4K HDMI cables (are nonsense) (via Cnet)

HDMI.org / by Geoffrey Morrison

With the slow and inevitable transition to Ultra HD 4K happening whether it’s necessary or not, it’s not surprising that cable manufacturers are jumping at the chance to sell new and more expensive “4K” HDMI cables.

But guess what — you don’t need 4K HDMI cables, because your current HDMI ones can probably do 4K just fine. Seriously.

Here’s why.

In case you missed the tetralogy on HDMI cables, check out Why all HDMI cables are the same, Why all HDMI cables are the same, Part 2, Still more reasons why all HDMI cables are the same, and the HDMI Cable Buying Guide.

You’d think I’d have said my piece by now, but apparently not. Here’s the short version. There are only four kinds of HDMI cables:

High-speed with Ethernet
High-speed without Ethernet
Standard-speed with Ethernet
Standard-speed without Ethernet

 There’s no reason to get standard-speed cables anymore, as the price difference is negligible between those and the high-speed versions. As per the current HDMI 1.4 spec, in order for an HDMI cable to be considered high-speed, it must be able to pass 3,840×2,160 pixels at up to 30 frames per second (and 4,096×2,160 at 24 frames per second).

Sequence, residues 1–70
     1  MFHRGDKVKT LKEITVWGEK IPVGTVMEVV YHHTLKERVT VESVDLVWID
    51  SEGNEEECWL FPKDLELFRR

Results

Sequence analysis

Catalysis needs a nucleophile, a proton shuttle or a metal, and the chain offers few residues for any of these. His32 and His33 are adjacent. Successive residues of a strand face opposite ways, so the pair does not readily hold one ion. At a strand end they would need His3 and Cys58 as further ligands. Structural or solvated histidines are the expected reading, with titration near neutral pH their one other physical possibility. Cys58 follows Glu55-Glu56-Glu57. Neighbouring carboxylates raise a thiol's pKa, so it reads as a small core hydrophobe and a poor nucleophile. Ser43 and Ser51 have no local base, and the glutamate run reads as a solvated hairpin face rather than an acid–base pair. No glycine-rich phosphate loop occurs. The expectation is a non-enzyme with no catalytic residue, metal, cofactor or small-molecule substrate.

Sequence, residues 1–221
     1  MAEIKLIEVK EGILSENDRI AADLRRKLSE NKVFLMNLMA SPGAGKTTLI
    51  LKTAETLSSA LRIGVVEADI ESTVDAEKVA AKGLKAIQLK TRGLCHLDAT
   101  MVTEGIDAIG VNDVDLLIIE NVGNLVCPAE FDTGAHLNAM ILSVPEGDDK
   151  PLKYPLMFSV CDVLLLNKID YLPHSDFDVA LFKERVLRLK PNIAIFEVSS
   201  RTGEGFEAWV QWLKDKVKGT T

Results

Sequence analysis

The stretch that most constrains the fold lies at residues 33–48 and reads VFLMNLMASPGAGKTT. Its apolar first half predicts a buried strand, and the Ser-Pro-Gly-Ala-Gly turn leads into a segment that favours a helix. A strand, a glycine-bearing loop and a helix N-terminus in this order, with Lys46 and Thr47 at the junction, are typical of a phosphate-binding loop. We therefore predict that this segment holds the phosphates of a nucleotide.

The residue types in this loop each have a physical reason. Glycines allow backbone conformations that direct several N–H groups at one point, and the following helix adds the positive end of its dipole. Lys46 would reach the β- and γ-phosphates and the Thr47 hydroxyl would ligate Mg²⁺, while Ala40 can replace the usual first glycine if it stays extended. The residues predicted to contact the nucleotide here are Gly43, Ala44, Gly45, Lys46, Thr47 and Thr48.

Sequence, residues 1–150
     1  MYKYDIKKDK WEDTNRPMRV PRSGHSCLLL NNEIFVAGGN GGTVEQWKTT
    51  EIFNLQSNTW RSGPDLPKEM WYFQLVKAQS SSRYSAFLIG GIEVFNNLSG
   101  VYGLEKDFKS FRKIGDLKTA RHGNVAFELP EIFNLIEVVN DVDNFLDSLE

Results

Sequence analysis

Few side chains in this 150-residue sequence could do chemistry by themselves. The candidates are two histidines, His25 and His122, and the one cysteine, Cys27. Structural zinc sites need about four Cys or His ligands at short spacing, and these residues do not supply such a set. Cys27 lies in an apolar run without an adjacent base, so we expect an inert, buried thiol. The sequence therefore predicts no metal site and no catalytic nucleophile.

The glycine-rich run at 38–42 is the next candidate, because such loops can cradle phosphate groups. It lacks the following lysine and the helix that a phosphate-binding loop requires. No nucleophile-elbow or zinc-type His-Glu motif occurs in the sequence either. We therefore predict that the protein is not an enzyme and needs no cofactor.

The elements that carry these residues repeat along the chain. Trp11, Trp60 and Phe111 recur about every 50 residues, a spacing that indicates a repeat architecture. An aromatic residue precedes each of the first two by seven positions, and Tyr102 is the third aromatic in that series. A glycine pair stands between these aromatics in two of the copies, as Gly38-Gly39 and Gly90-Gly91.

This means that even the cheapest high-speed HDMI cable can pass the maximum resolution possible with the current generation of Ultra HD 4K TVs.

And guess what — this isn’t just numbers on a page, or theoretical knowledge. I reviewed one of the first 4K TVs and plugged in a $2.50 HDMI cable between it and a 4K source. Guess what? It worked perfectly. So did the cheap HDMI cable Senior Editor David Katzmaier used in his review. I also used a 40-foot HDMI cable (with RedMere) that worked perfectly.

Since 3,840×2,160/30 is the maximum in the current HDMI spec, it doesn’t matter if you have a cable that’s capable of 10 times that. The sending and receiving chips (in the source and the TV, respectively) are only capable of 3,840×2,160/30. So you could set your PC to 10,000×10,000-pixel resolution, and even if the cable could support that bandwidth, the video card’s HDMI output chip couldn’t output it, and the display’s HDMI input chip couldn’t accept it.

In other words, it’s a chain, and all parts of the chain have to have the ability to support all the data. And right now, if the cable is rated high-speed, it can pass all the resolution currently possible with Ultra HD.